Table 5 indicates the modal split of 2030 current trend with the alternatives such as implementation of BRT-system, improvement of PT system and space-transport development. The implementation of BRT-system with grid structure does not increase the willingness of BRT passengers in entire of city. The increase of public transport passengers with concerning improvement of PT-system (MRT, LRT, and BRT, train) is 60%, while cyclist increases six times of the base case 2030. This condition means that the alternatives will increase significantly usage of public

transport which should be linked with bicycle facilities. On the other hand, usage of motorcycle is insignificant affect on the alternatives. Briefly, it is needed an alternative in order to decrease usage of motorcycle.

Table 6 explains travel time per trip for residents in entire of city and in west regions of city. Average travel time is highest for the public transport passengers in base case 2010. By designing improvement of PT-systems, average travel time foe each trip declines depending on the alternative. Travel time which indicates the network performance declines with improvement of PT system. This situation affects on increase of the willingness of PT usage. The alternative concerning the linkage of space-transport development is expected to minimize average travel time for residents in west region of city. The huge amount of PT loads in those areas illustrates residents' willingness to use PT as shifting from the usage of private vehicle. Decreasing travel time for each trip in those areas also explains the performance of PT network is more attractive than the other transport mode.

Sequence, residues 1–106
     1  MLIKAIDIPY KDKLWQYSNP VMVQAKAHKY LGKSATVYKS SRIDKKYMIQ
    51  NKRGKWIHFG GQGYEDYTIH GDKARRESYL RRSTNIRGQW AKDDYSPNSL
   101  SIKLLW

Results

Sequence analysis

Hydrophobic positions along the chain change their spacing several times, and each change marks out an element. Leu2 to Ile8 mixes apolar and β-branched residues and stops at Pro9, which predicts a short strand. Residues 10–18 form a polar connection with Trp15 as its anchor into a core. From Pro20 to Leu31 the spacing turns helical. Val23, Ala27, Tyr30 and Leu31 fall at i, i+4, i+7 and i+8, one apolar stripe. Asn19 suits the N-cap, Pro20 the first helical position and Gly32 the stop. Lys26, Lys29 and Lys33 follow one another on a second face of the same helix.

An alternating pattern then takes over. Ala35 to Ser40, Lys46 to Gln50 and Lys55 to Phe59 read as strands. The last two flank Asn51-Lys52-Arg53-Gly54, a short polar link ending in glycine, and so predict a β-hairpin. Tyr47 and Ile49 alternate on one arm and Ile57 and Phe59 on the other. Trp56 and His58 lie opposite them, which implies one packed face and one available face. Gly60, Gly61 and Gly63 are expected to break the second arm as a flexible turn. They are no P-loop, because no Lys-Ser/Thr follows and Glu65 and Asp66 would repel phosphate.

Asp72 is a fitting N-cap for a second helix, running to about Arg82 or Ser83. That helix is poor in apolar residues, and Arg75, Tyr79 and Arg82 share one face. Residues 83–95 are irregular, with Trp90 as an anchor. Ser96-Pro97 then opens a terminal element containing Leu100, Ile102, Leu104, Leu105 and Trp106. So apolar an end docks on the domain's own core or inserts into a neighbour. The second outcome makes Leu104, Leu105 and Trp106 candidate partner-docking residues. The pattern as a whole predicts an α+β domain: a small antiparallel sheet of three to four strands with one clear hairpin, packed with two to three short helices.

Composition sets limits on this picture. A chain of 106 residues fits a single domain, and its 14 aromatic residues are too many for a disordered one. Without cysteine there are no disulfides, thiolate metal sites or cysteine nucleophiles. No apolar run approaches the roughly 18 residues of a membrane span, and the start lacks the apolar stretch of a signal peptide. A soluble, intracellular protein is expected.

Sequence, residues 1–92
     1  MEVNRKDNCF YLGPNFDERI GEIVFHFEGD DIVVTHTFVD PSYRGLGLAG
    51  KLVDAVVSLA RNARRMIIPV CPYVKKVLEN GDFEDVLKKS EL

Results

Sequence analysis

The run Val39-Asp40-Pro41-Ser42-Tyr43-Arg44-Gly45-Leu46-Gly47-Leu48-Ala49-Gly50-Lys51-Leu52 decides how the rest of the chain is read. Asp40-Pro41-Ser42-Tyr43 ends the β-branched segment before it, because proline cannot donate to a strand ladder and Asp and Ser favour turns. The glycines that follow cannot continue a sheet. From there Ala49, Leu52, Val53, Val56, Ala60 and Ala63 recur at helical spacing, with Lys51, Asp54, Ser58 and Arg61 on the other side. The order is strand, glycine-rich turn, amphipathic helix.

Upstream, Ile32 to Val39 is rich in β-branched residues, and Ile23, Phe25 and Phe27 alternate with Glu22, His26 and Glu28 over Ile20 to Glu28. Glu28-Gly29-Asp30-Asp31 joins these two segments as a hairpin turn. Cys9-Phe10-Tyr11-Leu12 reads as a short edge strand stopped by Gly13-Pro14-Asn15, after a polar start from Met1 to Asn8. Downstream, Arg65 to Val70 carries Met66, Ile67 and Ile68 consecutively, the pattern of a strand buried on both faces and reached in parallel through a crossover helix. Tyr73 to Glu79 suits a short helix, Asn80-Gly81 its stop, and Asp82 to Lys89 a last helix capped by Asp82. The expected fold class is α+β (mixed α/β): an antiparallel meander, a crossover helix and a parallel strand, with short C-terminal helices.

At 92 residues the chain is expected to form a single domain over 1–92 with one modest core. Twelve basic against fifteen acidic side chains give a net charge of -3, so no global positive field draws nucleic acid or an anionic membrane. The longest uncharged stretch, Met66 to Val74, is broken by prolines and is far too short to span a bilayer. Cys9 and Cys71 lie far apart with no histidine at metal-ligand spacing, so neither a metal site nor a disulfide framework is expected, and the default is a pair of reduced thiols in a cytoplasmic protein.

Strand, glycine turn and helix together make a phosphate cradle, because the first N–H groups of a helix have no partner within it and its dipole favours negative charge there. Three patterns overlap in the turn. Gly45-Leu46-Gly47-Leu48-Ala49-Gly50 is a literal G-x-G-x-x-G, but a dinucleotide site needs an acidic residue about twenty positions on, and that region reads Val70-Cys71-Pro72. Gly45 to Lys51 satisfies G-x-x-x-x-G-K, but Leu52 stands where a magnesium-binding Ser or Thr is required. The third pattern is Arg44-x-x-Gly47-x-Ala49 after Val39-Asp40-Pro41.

Table 6. Average travel time per trip in minute

region Transport mode Base case 2010 Current trend 2030 Implementation of BRT-grid structure in 2030 Improvement of PT in 2030 Space-transport development in 2030

West region Public transport 58.5 150.3 89.8 67.6 71

Motorcycle 35.8 193.6 91.4 85 96.3

Car 42.1 265.3 133.4 121.5 143.7

Entire of city Public transport 55.9 114 80.5 61.38 63.9

Motorcycle 46 149.3 86.7 82.26 95.4

Car 59.4 209.3 127.3 119.8 141.5

5. Conclusion and future research issues

During the last thirty years, the settlement was expanding in the suburbs. As a consequence, commuting trips by using private vehicle such as car and motorcycle increase to the central of urban areas. Briefly, the central of urban areas has kept a strong attraction for the commuter from the suburb.

Under heterogeneous traffic condition, the variation of the PCU value is estimated by using microscopic data which has been analyzed by employing porous flow approach (Ambarwati et al., 2013). The PCU value decreases with the increase of speed. Using questionnaires data, estimation of distribution parameters has been conducted by employing a top-lognormal distribution function. The similar data is used to determine the VOT which is analyzed by mode choice approach.